This article was written by David Southwick
“The Chicagoes were not, as aforesaid, able to make a clean hit,” wrote the Philadelphia Inquirer of what it said to be “the first game on record in which such has been the case in a professional game.”1 The first no-hitter in professional baseball was thrown on July 28, 1875, by 21-year-old Joe Josephs, an amateur who had been signed by the Philadelphia White Stockings, who were desperate for pitching help. His name really wasn’t Josephs, a pseudonym created so his baseball-disapproving family wouldn’t see his name in the newspaper accounts. Neither was it his other pseudonym, Nedrob, a reversal of his true last name, Borden.
Joe Borden, whatever name he used, had burst on the scene as the new White Stockings pitching ace, throwing the no-hit gem against the Chicago White Stockings after two miserable starts. “The threatening appearance of the weather deterred many from witnessing one of the best games ever played,” said the Chicago Tribune. “From the effective pitching of Josephs the Chicagos were unable to make a base hit throughout the entire game — a thing unparalleled in the annals of base-ball.”2
A week after his gem, Borden faced a tough challenge coming to Boston to face the champion Red Stockings team, which was a dominating 48-4 and was riding a 28-game home winning streak. Boston would not lose a home game the entire season, on their way to its fourth straight pennant. The Red Stockings’ ace pitcher, Albert Spalding, Borden’s mound foe, had won 43 games. A small crowd of between 500 and 1,000 spectators was there, “the threatening weather doubtless keeping many away,” wrote the Boston Globe.3 Fred Cone, a Boston outfielder in 1871, was the umpire. Cone had been a member of the Forest City club of Rockford, Illinois, along with future Red Stockings players Spalding and Ross Barnes.
The game opened with two scoreless innings, with John McMullin contributing the only hit for Philadelphia. Spalding and Harry Schafer both hit safely in the second, almost breaking the ice before some bad coaching resulted in Spalding being thrown out at home on Schafer’s hit.4
Philadelphia’s Tim Murnan scored the game’s first run in the third inning when he and John McMullin singled, and Murnan scored when right fielder Jack Manning lost a fly ball in the sun.5 Boston quickly tied the game in the bottom of the inning as Deacon White singled, went to second on a passed ball, to third on an error by Pop Snyder, and home on a groundout by Jack Manning.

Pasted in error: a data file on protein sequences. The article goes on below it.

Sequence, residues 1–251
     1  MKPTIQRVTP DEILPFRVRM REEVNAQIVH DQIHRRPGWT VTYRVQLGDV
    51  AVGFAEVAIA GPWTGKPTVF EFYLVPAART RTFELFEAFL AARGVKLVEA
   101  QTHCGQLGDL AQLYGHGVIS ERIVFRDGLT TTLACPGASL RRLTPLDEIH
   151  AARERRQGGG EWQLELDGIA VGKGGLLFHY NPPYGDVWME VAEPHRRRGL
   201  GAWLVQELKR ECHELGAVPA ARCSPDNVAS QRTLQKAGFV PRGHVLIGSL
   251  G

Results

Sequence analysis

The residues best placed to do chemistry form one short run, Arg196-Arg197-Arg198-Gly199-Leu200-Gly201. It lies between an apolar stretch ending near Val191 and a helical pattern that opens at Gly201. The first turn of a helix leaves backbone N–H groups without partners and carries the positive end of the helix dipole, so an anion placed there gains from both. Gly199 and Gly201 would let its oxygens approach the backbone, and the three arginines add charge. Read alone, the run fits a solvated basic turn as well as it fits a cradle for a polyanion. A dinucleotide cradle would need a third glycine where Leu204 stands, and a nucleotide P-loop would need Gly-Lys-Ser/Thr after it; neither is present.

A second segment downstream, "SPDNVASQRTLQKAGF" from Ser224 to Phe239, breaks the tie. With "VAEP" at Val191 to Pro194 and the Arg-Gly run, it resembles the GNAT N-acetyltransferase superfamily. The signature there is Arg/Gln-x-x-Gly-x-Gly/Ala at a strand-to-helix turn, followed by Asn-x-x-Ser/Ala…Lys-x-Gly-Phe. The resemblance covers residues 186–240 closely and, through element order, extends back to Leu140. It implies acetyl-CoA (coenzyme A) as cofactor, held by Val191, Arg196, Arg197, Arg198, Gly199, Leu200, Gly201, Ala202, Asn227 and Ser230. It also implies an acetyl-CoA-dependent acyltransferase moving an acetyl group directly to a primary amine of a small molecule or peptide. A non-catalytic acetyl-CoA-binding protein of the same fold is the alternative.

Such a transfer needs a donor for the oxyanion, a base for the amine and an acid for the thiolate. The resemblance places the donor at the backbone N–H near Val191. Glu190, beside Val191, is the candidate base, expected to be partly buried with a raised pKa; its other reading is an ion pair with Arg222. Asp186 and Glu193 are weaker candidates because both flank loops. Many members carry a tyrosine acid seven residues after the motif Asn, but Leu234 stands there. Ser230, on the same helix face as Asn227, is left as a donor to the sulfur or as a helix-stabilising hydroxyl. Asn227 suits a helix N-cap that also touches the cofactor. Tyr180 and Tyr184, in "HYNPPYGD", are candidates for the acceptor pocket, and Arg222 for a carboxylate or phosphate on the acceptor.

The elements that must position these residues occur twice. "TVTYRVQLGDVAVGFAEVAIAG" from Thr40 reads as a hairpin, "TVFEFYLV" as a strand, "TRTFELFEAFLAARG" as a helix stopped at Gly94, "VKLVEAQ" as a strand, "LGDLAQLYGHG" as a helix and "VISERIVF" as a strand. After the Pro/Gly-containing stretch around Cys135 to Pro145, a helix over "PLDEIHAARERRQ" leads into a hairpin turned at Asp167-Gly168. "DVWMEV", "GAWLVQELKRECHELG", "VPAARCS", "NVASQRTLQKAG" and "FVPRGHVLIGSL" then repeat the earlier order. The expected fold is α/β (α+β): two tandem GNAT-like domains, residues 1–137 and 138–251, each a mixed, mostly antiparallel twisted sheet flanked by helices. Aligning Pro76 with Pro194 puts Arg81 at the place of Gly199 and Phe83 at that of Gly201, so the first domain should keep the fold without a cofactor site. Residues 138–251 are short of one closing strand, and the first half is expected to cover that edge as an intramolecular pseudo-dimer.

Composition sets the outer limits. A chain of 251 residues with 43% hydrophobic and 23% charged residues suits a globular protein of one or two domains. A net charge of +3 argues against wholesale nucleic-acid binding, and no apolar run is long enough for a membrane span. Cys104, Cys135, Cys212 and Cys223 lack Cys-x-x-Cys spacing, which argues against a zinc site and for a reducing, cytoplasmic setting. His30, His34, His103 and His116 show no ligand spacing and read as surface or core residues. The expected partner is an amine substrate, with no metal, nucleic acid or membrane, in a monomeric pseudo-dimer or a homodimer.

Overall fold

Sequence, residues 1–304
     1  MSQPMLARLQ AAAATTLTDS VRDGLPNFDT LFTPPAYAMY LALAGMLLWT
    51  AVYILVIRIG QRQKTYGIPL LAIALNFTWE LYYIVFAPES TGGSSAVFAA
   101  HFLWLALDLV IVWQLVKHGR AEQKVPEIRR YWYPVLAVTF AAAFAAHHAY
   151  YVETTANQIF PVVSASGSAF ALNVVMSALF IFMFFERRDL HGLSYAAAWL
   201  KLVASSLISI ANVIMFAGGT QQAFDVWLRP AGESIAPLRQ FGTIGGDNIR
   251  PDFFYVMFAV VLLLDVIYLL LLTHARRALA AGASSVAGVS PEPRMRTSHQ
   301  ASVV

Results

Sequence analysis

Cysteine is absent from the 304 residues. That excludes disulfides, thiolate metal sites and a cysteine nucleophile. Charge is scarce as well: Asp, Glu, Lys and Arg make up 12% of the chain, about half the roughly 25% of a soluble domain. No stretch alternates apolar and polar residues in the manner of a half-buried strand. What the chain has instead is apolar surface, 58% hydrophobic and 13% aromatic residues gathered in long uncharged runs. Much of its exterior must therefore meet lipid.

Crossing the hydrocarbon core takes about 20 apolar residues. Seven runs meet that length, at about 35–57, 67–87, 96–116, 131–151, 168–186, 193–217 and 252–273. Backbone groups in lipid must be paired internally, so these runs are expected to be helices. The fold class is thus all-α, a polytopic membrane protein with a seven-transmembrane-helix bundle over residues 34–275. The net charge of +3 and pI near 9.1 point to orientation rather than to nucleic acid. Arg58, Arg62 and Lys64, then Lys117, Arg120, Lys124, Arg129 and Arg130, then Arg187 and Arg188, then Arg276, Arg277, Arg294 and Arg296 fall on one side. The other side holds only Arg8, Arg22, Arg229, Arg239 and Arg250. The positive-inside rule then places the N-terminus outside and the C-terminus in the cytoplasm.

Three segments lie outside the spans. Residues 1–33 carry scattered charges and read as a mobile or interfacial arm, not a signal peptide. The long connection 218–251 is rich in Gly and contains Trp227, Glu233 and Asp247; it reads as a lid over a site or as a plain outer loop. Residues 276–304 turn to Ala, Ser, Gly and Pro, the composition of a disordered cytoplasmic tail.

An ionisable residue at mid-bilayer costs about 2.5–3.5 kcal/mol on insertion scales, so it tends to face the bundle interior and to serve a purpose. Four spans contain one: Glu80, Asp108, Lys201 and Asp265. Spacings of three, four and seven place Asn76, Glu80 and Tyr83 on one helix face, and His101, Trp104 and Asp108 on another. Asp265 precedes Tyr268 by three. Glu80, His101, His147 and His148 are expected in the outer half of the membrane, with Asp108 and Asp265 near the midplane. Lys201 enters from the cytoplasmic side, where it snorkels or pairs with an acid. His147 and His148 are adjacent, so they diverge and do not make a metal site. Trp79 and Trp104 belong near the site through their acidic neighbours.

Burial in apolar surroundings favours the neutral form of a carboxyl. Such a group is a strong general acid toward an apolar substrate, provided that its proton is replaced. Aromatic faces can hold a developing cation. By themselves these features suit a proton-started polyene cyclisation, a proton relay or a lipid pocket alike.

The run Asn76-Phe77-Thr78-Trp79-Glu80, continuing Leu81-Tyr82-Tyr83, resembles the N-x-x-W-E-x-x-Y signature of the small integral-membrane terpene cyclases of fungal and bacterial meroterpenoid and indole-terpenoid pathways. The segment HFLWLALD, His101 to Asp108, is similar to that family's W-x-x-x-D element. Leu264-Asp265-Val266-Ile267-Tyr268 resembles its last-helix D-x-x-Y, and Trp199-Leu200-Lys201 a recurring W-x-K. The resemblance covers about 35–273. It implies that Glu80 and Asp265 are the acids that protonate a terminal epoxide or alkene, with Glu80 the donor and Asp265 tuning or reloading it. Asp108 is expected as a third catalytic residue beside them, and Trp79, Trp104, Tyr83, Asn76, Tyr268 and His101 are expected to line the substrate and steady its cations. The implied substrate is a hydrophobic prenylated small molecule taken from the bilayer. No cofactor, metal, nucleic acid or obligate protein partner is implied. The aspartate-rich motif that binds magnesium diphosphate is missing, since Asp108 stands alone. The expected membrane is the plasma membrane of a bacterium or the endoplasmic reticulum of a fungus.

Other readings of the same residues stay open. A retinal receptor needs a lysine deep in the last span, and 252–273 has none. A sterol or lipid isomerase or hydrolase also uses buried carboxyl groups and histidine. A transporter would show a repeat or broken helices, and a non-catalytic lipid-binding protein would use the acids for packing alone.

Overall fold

Neither team could accomplish anything in the fifth, but each scored a run in the sixth. For Philadelphia, Fulmer and Fred Treacey singled, and Fullmer came home on an error in shallow center by Boston shortstop George Wright. This gave Philadelphia a 3-1 lead. Boston stayed within one run in its half of the inning. Ross Barnes doubled, stole third, and came home on Andy Leonard‘s grounder to first.
Philadelphia would not cross the plate again on this day; in fact, only two more batsmen reached first base. Boston’s fielding by this stage was practically perfect, making it more difficult for the White Stockings to reach safely. After a quiet seventh inning, Boston tied the score in the eighth. Barnes reached on an error and stole second. With Andy Leonard at the plate, Borden gave Boston “a present of a run”6 and overthrew to Malone at first, allowing Barnes to scamper home.
After Philadelphia went quickly in the ninth, Boston tried in earnest to pull out a win. Cal McVey‘s leadoff single got things started, and when the ball rolled through McMullen’s legs, that put the potential winning run on second. McVey went to third on a putout to first, but he was left stranded there as White and Schafer grounded out, second baseman Murnan making a great defensive play to hold the runner. “The audience seemed delighted with the idea of a longer game,” wrote the Globe, “and at times it was hard to tell whether the game was being played before a Philadelphia or Boston audience.”7